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Immoral equivalence

The systems aren't equal, but the men at the top have too much in common

Issue: "Honest Abe Rosenthal," March 14, 1998

No wonder President Clinton has found it so easy to wrap up an unexpected deal with Saddam Hussein. Both men are masters at the art of delay. And both are masters at the specialty of moving the physical evidence. It's hard, in fact, to tell which has more to learn from the other on those two fronts. The two men have at least one other characteristic in common: As skilled as they are at protecting their own hides, the good they achieve for themselves isn't necessarily good for their countrymen. Both men seem to spend at least as much time hustling up their own protection as they do seeking the long-term well-being of their respective societies. All my life, I've heard America-bashers talk about how we don't have any right to tell the rest of the world how to conduct its affairs since we don't do such a hot job of administering justice here at home either. During the war in Vietnam, it was common to criticize our role in Southeast Asia with the reminder that we hadn't solved the problems of poverty and racism here at home. The Soviet Union maybe had its problems, these critics would point out right up until the end of the Cold War (and beyond), but were their difficulties really any more embarrassing than our deep problems here at home? Who were we to say our system was best? Critics of such critics took them to task--and properly so--for suggesting there was some sort of "moral equivalence" between the two big systems seeking control of the world. Yes, these folks admitted, we had problems at home. But at least we weren't marching big segments of the population around at gunpoint, forcing them at the risk of their lives to do what the government said they must do. So for the last half-century, I do think it was a smear against our country-with all its faults-to suggest it was operating at the same moral plane as its enemies. Such charges imputed more evil to our system than it deserved and attributed more virtue to tyrannical systems than they deserved. But now I'm not so sure. When you no longer have confidence whether it's your own president, or the enemy he's negotiating with, that is the greater master of pretense, the term moral equivalence takes on a dark and scary turn. All the talk about "no connection between private morality and public performance" goes swooshing down the drain at center stage. Of course there's a connection. And it's as if the great God of history has now deliberately posited these two devious men beside and against each other to make that very point. So now Mr. Clinton recommends that we honor an agreement with a man of whom a Washington Post editorial says: "Saddam Hussein evidently is promising to honor an arms-inspection agreement that he made in 1991 and toyed with and broke in 1997, and that he renewed last November and broke again in January. He is not offering to yield up suspect facilities and weapons but to let others try to penetrate the secrecy he has wrapped them in." The description sounds eerily like that of Mr. Clinton's own habits right in his own White House. New York Times columnist A.M. Rosenthal rejected moral equivalence: "By what [United Nations] Secretary-General Kofi Annan said or failed to say he treated the Iraqi dictatorship as the moral equivalent of the United States and other countries that are still trying to find and destroy Saddam's weapons of mass destruction.... UN records have detailed reports of Saddam's security guards blocking UN inspectors from getting into suspected sites scores of times, shoving them around, even throttling a UN pilot to prevent him from spotting a likely site. To lump UN inspectors at all with Iraqi security thugs is astonishing." Maybe so-but to sense some behavior patterns uncannily common to both nations' leaders takes no effort at all. Not for a second am I suggesting there really is right now something like a moral equivalence between the United States and Iraq. Our freedoms here are still profound, and God's grace on this country is extravagant. But to make Saddam Hussein the symbol of the Iraqi nation, as if it were thoroughly evil to its core, and to let Mr. Clinton continue to symbolize some ethereal force of right and good, is very much to miss an important point.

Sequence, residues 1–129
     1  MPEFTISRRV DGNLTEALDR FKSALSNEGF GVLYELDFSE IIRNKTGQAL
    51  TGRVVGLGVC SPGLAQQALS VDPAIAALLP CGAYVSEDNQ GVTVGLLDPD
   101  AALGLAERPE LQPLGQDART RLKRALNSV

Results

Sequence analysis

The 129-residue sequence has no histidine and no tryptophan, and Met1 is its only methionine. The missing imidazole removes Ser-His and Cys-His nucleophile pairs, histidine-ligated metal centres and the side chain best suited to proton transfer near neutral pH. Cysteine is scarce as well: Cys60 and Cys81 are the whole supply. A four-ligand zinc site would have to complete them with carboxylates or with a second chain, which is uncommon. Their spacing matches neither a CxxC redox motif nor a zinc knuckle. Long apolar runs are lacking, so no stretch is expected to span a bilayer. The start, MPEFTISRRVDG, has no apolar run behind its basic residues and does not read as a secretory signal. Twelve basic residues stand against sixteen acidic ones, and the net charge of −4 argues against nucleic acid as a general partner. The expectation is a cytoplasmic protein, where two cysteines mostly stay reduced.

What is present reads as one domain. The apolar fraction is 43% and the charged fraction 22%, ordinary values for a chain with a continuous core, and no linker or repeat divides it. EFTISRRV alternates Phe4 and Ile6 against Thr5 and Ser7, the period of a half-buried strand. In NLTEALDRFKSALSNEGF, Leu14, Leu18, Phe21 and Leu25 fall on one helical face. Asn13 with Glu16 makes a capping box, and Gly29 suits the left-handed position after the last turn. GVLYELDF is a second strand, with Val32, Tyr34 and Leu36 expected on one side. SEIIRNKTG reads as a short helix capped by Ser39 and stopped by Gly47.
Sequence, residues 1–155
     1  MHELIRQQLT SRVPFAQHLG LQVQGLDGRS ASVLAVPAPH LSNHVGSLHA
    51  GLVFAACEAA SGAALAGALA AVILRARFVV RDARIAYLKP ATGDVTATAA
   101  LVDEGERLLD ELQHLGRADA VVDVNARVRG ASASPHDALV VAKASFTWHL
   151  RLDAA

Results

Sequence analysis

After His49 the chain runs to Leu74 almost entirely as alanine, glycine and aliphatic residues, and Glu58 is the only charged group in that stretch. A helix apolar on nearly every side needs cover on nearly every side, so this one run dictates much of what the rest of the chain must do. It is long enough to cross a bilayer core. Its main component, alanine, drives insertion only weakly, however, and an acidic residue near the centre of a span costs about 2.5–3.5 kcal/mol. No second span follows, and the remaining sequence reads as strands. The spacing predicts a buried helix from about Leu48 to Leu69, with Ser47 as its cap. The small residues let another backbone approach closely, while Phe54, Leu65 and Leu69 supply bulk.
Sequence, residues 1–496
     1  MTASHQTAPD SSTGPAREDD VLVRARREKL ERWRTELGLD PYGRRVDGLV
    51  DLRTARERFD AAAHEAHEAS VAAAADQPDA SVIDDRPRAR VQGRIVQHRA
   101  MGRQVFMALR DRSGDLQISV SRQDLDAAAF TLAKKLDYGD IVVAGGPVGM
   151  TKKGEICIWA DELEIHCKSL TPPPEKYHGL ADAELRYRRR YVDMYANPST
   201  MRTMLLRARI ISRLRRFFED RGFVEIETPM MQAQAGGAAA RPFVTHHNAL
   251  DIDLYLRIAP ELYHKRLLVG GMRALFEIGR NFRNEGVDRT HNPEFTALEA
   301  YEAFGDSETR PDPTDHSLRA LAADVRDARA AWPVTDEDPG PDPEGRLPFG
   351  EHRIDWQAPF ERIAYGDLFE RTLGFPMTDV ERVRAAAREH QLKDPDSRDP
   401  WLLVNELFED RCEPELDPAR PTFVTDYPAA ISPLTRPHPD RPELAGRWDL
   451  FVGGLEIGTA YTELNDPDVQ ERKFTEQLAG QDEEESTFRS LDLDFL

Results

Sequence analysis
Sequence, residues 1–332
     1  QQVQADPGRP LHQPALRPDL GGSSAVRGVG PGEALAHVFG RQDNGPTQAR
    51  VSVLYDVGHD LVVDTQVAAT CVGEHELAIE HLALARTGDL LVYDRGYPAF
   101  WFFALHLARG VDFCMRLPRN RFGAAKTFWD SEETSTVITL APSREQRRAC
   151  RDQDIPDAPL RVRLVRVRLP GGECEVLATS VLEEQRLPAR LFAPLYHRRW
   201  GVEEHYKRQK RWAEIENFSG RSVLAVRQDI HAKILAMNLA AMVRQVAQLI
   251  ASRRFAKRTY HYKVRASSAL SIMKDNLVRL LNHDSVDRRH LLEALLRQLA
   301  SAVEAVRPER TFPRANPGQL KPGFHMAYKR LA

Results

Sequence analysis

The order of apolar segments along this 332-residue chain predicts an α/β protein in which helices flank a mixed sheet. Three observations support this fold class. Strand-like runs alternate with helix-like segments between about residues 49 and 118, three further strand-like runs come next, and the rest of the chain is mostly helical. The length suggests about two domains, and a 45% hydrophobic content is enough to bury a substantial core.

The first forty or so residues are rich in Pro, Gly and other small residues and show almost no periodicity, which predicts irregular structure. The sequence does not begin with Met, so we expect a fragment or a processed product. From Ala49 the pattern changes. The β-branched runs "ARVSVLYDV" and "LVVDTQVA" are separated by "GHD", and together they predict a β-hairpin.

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Joel Belz
Joel Belz

Joel, WORLD's founder, writes a regular column for the magazine and contributes commentaries for The World and Everything in It. He is also the author of Consider These Things.


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